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That New Deal for ‘Friends’ Shows Netflix Is Still the Walmart of Media

Netflix wants to be your first — or only — stop for TV, and continued access to the hit series ensures that's still the case.

No Merchandising. Editorial Use Only. No Book Cover Usage.Mandatory Credit: Photo by Warner Bros TV/Bright/Kauffm/REX/Shutterstock (5886065a)Lisa Kudrow, Matt Le Blanc, Courteney Cox, David Schwimmer, Jennifer Aniston, Matthew PerryFriends - 1994-2003Warner Bros TV/Bright/Kauffman/Crane ProTelevision

“Friends”

Bright/Kauffman/REX/Shutterstock

Score another round for Netflix. “Friends” will continue on the streaming service through 2019, and perhaps beyond — helping cement an increasing perception among audiences that Netflix is the must-have utility for all things TV.

FX CEO John Landgraf often warns that Netflix wants to own the entire TV ecosystem. And as long as key TV series like “Friends” can be found on the service, it’s likely that audiences will continue to see Netflix that way. To paraphrase the old HBO slogan: For many younger audiences, it’s not Netflix, it’s TV.

Netflix now has nearly 60 million subscribers in the U.S. And as viewer habits continue shifting to an on-demand model, those users increasingly consider Netflix synonymous with SVOD — much like Kleenex tissues or Band-Aid bandages.

That’s why Netflix is willing to shell out big bucks for the show (said to be between $80 million and $100 million), even though it won’t be exclusive once WarnerMedia’s upcoming streaming service becomes available. After all, “Friends” has never technically been exclusive to Netflix, given its ubiquity on the dial. But young audiences have been trained to find and watch it on Netflix — and that training won’t go away as long as enough evergreen shows like “Friends” remain alongside Netflix originals.

Think about it: When you’re searching for an old episode of a TV show these days, your first stop is usually Netflix — before perhaps trying Hulu and Amazon, or one of the advertiser-supported VOD services like Crackle. If all else fails, you might bite the bullet and download the show from iTunes or another electronic retailer. If you’re old school, you might buy the DVD package. Or if you’re really old school, you might search it out via syndication on cable or your local TV stations.

It doesn’t matter that plenty of TV shows past and present aren’t available on Netflix. Viewers aren’t doing a spot check for what is or isn’t on the service, but they do know that Netflix carries some of those shows, and that’s good enough for them. It’s the same reason people go to buffets without really knowing what’s on the menu; they know there’s enough there that some of the things they like will be included — even if other favorites have disappeared.

The perception that Netflix offers almost everything is what keeps subscribers willing to keep paying $10.99 a month, even if in actuality there’s plenty of TV that can’t be found (and never will be) on the service. Netflix has become shorthand for “all things TV” in less than a decade, thanks to little competition and a willingness by Hollywood studios to license popular off-net shows like “Friends,” “Full House,” and “The Office” for a handsome fee. (Rival Hulu has done an admirable job in building up its own base with a similar strategy, grabbing shows like “The Golden Girls” and ABC’s TGIF lineup). And the amazing thing is, even as they finally wake up and scramble to create their own services to combat Netflix’s domination, the traditional Hollywood studios still can’t resist that sweet, sweet cash.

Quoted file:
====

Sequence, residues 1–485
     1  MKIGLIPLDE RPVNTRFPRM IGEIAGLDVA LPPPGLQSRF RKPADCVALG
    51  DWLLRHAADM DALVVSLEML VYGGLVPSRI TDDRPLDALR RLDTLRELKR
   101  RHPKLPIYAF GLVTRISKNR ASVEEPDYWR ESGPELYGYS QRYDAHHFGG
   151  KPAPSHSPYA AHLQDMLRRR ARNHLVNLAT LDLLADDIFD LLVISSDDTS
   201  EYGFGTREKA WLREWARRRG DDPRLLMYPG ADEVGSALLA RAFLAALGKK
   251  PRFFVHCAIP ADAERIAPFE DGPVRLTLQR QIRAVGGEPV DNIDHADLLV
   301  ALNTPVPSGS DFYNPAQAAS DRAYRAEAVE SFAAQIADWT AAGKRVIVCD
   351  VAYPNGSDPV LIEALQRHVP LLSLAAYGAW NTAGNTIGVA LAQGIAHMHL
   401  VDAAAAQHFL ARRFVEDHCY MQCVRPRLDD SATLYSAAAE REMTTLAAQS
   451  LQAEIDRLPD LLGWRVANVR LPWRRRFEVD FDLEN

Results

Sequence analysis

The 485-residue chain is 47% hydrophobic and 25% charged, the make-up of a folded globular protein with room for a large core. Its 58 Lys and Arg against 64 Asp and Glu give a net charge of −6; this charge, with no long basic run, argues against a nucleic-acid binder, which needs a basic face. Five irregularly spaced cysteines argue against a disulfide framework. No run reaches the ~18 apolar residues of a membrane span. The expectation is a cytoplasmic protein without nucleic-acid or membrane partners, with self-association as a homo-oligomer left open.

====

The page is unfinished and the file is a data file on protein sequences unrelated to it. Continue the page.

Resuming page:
Netflix is reportedly paying between $80 million and $100 million for the rights to keep “Friends” exclusively this coming year — money that was too good for WarnerMedia to pass up. But for Netflix, which is spending as much as $13 billion annually on content, that’s a small price to pay to keep subscribers hooked on the eve of the streaming wars. Every month that Netflix can avoid much subscriber churn is another month that Netflix has solidified its position in American homes.

Even AT&T chairman/CEO Randall Stephenson admitted to attendees at Tuesday’s UBS Global Media and Communications Conference that Netflix is synonymous with TV: “I compared Netflix one time to Walmart, not derogatorily,” he said. “It was taken derogatorily. But when I’m shopping and I say I need something XYZ, I go to Walmart. Well, if you’re looking for video content regardless of what it is, people will go to Netflix because it’s just a warehouse, and it’s an impressive warehouse of content.”

If we were to continue that retail analogy, Stephenson also essentially admitted that it might be too late to build a Target to rival Netflix’s Walmart. Instead, the WarnerMedia OTT service might be more of a boutique that carries a bit more curated selection. “The goal… is not to become another Netflix and not to create a direct-to-consumer product that rivals Netflix in terms of being a warehouse of content.”

But why shop for “Friends” at the WarnerMedia boutique if you can already catch it at Netflix’s Walmart?

As the streaming giant shores up that must-have utility reputation — like water, electricity, gas, and broadband — Hollywood, including its future competitors, continues to give Netflix a big assist in achieving that goal.

“I’m stunned, but not surprised by AT&T’s decision to extended ‘Friends’ licensing deal with Netflix through 2019,” former Amazon Studios head of strategy Matthew Ball (who thinks WarnerMedia should have moved “Friends” to HBO Now) wrote on Twitter. “A perfect example of, despite saying they were committed to winning in SVOD, Big Media wants to have their cake, eat it too — and then hope they get a third cake.”

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